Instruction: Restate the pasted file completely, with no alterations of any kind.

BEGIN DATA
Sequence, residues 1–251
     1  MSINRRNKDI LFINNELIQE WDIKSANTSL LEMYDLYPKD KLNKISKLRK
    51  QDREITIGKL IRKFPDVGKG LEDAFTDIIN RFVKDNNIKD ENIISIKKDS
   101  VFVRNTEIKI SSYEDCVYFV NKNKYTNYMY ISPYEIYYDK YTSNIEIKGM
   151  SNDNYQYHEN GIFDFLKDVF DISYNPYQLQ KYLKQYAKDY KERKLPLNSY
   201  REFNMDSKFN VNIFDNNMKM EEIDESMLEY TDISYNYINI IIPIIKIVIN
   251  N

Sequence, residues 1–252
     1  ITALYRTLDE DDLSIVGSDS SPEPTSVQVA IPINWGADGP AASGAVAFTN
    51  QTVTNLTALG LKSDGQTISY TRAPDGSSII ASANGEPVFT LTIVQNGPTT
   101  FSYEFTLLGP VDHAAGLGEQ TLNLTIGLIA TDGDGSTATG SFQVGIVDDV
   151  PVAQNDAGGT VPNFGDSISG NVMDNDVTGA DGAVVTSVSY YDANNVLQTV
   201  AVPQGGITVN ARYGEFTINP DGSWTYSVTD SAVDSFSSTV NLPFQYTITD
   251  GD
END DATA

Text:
Sequence, residues 1–251
     1  MSINRRNKDI LFINNELIQE WDIKSANTSL LEMYDLYPKD KLNKISKLRK
    51  QDREITIGKL IRKFPDVGKG LEDAFTDIIN RFVKDNNIKD ENIISIKKDS
   101  VFVRNTEIKI SSYEDCVYFV NKNKYTNYMY ISPYEIYYDK YTSNIEIKGM
   151  SNDNYQYHEN GIFDFLKDVF DISYNPYQLQ KYLKQYAKDY KERKLPLNSY
   201  REFNMDSKFN VNIFDNNMKM EEIDESMLEY TDISYNYINI IIPIIKIVIN
   251  N

Sequence, residues 1–252
     1  ITALYRTLDE DDLSIVGSDS SPEPTSVQVA IPINWGADGP AASGAVAFTN
    51  QTVTNLTALG LKSDGQTISY TRAPDGSSII ASANGEPVFT LTIVQNGPTT
   101  FSYEFTLLGP VDHAAGLGEQ TLNLTIGLIA TDGDGSTATG SFQVGIVDDV
   151  PVAQNDAGGT VPNFGDSISG NVMDNDVTGA DGAVVTSVSY YDANNVLQTV
   201  AVPQGGITVN ARYGEFTINP DGSWTYSVTD SAVDSFSSTV NLPFQYTITD
   251  GD